Those rules also seems to defeat the entire purpose of fasting. I was told by many muslims that they fast to understand the hardships those less fortunate go through when they can not afford a meal and have to put up with their day without knowing when the next meal will come. Conveniently they seem to forget that we all eat in front of those less fortunate in a daily basis. I ask myself how are we suppose to understand their suffering in a unrealistic environment deliberately created in order to avoid the sense of deprivation?
I think we should be respectful towards their fasting but it does not particularly means that one can not carry a bottle of water or having their required coffee or do their meals just because muslims around the world are refraining themselves from food. I consider myself a spiritual person and very religious tolerant and I personally think that those who understand and embrace the true meaning of ramadan would not be affected by people carrying on with their normal routine. I appeal to everyone around the world regardless to their religion, culture or beliefs to use it as a test to their tolerance and acceptance of the other.
Although there are a lot of tolerant Saudi and non Saudi Muslims that share exactly the same opinion than I still a lot needs to be done for Saudi to become a more tolerant society.
Famine Vs Overconsumption: Think on the problem forget the solution
Overconsumption takes place during Ramadan. Surprisingly, despite of the 16h of fast during the Ramadan, food sales surge about 10% in the kingdom during this month.
With all the food marketing targeting the occasion, and the extravagant Iftars taking place, fasting is no longer broken with dates and water followed by a light meal as taught by The Prophet Mohammed. Instead people tend to indulge in highly caloric, deep fried, heavy meals.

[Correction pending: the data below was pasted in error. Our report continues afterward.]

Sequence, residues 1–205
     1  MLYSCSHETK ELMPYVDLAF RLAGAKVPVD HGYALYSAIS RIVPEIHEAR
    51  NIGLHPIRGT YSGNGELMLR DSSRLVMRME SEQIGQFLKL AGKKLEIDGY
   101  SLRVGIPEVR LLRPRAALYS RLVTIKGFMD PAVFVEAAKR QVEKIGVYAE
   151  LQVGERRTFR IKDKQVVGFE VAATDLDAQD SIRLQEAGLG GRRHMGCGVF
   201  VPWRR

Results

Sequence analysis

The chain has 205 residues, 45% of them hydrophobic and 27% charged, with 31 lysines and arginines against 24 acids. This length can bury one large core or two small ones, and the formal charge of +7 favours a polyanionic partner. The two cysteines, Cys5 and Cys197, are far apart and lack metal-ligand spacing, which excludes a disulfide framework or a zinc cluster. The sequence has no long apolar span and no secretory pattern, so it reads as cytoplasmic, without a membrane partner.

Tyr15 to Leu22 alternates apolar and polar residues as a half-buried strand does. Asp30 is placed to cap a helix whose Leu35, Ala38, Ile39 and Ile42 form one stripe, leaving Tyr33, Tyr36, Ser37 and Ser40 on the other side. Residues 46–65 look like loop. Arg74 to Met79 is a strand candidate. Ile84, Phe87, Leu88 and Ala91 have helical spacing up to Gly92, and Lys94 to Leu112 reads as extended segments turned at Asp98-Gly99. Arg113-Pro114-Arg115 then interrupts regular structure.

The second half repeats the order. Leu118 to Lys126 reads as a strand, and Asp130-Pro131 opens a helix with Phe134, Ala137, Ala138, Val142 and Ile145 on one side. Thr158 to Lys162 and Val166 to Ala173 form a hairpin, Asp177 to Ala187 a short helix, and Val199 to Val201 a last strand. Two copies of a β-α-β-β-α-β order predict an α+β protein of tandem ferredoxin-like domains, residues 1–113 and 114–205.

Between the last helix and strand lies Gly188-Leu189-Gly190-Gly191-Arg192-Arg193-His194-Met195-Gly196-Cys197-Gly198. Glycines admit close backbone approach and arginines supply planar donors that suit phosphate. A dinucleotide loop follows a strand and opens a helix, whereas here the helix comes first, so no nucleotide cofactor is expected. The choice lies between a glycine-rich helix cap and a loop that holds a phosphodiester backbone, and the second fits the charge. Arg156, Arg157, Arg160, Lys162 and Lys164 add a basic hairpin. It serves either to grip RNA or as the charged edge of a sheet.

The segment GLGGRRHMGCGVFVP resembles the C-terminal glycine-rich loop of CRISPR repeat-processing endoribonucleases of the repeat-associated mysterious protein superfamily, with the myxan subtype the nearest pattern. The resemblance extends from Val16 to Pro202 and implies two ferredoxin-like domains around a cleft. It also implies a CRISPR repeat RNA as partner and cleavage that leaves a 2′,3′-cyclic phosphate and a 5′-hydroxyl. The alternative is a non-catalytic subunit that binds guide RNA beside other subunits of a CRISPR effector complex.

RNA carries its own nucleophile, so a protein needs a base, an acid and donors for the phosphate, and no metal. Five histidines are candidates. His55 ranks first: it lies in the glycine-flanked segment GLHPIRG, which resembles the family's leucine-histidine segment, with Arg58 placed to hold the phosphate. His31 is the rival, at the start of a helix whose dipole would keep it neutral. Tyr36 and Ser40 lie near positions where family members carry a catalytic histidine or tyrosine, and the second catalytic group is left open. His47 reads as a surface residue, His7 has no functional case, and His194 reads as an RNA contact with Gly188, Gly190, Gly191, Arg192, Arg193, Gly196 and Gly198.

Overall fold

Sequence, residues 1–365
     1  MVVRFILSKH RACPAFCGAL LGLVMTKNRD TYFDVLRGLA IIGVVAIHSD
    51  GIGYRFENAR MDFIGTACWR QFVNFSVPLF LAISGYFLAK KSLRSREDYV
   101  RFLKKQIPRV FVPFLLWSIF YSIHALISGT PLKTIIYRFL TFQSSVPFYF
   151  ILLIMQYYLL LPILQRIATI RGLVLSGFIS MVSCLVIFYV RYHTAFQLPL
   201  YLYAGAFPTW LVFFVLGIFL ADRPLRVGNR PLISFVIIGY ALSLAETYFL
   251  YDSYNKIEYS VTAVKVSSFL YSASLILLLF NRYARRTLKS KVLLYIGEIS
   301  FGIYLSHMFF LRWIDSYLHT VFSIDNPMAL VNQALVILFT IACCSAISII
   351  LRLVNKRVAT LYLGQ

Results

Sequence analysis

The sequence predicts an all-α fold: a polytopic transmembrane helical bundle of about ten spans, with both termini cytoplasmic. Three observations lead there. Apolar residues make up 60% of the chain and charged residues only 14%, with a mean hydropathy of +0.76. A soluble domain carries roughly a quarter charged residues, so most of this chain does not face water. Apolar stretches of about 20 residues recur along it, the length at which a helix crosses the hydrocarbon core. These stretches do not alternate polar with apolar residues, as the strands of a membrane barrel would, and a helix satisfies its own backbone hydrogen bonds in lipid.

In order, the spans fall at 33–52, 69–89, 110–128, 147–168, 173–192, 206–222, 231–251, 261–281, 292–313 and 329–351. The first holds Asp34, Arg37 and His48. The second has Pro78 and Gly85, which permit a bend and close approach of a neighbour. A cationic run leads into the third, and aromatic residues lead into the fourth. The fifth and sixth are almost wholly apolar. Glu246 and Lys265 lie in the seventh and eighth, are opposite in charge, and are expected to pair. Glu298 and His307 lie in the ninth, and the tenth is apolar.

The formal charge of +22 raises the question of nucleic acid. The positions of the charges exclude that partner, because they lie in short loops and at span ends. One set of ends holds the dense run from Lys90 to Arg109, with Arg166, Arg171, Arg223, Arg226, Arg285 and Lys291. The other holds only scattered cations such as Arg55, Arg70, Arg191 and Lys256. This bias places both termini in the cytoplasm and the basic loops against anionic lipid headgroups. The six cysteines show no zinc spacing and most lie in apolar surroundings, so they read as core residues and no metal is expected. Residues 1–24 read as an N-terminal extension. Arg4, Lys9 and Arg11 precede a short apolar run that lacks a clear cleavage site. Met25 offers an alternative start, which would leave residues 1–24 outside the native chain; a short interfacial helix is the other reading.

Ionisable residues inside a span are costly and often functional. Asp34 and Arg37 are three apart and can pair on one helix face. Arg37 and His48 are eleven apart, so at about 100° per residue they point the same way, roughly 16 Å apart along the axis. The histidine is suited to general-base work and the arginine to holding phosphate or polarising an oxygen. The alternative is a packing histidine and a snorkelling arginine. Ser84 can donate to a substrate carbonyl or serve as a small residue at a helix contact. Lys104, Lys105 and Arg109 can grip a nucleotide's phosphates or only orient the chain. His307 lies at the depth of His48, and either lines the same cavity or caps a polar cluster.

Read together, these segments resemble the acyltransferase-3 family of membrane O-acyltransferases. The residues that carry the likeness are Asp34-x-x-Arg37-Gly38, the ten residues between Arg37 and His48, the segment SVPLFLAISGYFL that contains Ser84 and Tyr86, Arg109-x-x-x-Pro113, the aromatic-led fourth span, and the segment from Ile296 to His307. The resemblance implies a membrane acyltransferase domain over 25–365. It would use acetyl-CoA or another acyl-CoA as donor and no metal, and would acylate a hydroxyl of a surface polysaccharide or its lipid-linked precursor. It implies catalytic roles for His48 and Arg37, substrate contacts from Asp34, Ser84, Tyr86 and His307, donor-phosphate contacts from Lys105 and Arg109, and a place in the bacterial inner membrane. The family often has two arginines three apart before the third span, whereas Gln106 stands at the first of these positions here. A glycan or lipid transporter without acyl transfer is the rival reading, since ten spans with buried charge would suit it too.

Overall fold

Controversially, you will hear people mentioning about the health benefits of fasting as well as how much they struggle to keep up with their weight or do any sort of diet during the Ramadan.
This surge on sales is not exclusively reflected on the food industry, but consumption in general. Evening entertainment rise massively, as well as, with all these family and friends events and extravagnant Iftars taking place comes the need for new clothes, acessories and even traditional interior decoration. The entire population seem to wake up in the evenings. After Iftar, traffic on the roads becomes unbearable as people rush to shopping malls for mindless shopping.
It seems to me that all this overconsumption and waste somehow defeats the true purpose of Ramadan of being humble, becoming a better human being and feel the suffering of those less fortunated.
I personally believe we need to stop approaching issues at a superficial level and start looking more deeply into the problems if the goal is to build up a better world. Poverty and famine are indeed world issues that need to be address. Feeling the pain and struggle of the poor will perhaps (although not necessarily) make us more likely to help them. But we shall not forget that despite of all the efforts to fight poverty and famine, one of the biggest XXI century contributor factors for it, is the lack of natural resources due to the overconsumption and wastage mainly by the western world.
So I ask, what is the point of thinking about the issue without thinking about the root cause of the problem? … and what is the point of embracing and perpetuating the problem instead of focusing on the solution? After all the entire purpose of Prophete Mohammed was to create a better humanity. Muslim or non Muslim is our responsibility to be more mindful about our acts on a daily basis.
I don’t mean with this post to target muslims in particular. The true is that, as a catholic I witness the same situation happening when it comes to Christmas and Easter. With this reflection, I only intend to appeal to people sensitivity and perception of the problems as well as remind the true intensions of their Prophets instead of blindly follow the crowd. It is hard not to be mislead in a society driven by money, industry and marketing.
I wish you all a very BLESSED EID.
Eid Mubarak 🙂